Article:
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  16. Berylstone

    Berylstone Veteran Veteran

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    I  don't understand what worthwhile benefit adding breakable weapons brings to a game.  Maybe an added sense of realism, but that's the only thing I can think of.
     
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  17. Engr. Adiktuzmiko

    Engr. Adiktuzmiko Chemical Engineer, Game Developer, Using BlinkBoy' Veteran

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    ^ When applied correctly, it can bring more thinking in the part of the player as he chooses his equipments and what he brings in his inventory... if it's more of the normal JRPG style and storyline though, I don't think adding it is a nice idea...

    About Optimize command, I only use it at the super early parts of the game... coz after that, equips tend to be more "specialized"... Like for example, this "best" weapon is the one with the highest damage output, but the enemies are immune to the element of that weapon so if I hit optimize, I wouldn't damage the enemies...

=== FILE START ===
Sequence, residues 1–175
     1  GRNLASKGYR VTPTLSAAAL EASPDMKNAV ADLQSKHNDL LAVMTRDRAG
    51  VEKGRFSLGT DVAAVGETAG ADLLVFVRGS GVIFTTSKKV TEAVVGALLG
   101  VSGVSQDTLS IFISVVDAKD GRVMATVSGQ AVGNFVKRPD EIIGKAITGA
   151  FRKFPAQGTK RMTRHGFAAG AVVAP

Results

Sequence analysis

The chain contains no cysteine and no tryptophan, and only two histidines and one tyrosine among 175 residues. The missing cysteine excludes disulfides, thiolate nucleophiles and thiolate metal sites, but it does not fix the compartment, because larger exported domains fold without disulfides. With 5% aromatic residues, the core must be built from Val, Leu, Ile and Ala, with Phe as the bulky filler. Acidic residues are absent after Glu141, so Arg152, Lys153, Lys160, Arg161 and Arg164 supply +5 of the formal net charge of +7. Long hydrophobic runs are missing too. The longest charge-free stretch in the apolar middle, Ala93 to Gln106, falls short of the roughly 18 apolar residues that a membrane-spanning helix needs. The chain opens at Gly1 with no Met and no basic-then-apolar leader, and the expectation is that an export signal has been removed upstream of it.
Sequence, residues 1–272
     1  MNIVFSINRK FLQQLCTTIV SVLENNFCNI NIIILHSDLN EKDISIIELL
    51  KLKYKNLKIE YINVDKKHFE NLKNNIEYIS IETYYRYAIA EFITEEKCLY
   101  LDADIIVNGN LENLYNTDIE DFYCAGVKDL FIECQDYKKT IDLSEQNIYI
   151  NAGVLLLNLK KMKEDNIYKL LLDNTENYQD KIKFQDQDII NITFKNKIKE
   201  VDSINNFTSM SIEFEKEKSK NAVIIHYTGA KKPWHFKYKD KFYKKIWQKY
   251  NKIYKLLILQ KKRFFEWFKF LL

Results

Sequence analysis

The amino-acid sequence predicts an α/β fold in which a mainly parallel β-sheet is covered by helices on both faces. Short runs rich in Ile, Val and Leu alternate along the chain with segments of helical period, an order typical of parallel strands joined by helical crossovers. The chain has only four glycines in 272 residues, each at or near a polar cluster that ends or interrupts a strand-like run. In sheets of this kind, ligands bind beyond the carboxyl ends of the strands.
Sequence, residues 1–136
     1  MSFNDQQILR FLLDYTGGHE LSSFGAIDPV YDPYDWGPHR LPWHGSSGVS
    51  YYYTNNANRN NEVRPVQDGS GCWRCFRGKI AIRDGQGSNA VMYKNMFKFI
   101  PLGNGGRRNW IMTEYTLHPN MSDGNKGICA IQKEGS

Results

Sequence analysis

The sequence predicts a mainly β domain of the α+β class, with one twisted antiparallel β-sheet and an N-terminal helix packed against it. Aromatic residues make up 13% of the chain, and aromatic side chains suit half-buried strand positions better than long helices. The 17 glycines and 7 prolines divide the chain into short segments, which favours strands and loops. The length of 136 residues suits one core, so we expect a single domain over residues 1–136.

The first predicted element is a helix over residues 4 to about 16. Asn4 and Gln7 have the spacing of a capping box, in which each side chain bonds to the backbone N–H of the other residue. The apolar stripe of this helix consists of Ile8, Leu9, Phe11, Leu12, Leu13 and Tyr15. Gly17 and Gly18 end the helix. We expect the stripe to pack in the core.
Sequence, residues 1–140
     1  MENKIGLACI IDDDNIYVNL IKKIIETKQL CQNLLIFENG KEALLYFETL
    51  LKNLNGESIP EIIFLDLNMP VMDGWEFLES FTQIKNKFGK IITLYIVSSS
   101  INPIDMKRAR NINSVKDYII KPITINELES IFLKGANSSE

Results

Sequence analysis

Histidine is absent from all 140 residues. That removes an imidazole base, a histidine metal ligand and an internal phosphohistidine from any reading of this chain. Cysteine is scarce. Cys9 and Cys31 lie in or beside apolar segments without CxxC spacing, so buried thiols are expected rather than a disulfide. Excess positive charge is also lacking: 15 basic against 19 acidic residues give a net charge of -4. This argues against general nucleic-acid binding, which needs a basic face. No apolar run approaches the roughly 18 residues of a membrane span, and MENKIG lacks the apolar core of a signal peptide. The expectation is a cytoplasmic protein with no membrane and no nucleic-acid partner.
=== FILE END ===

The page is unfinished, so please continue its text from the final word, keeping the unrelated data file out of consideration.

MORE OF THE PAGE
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  18. SOC

    SOC "God is my Judge" Veteran

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    I hate it, and I hated it in Fire Emblem. It puts a feeling of pressure on me as a player that I don't like.
     
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  19. Berylstone

    Berylstone Veteran Veteran

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    I guess by this you mean it gives the player a reason to bring back up weapons in case one breaks? 
     
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  20. Engr. Adiktuzmiko

    Engr. Adiktuzmiko Chemical Engineer, Game Developer, Using BlinkBoy' Veteran

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    I'd say, back-up weapons in case you get near breakage, because you won't want the weapon to break...

    Also, I hate it when weapons are breakable but there is no repair option...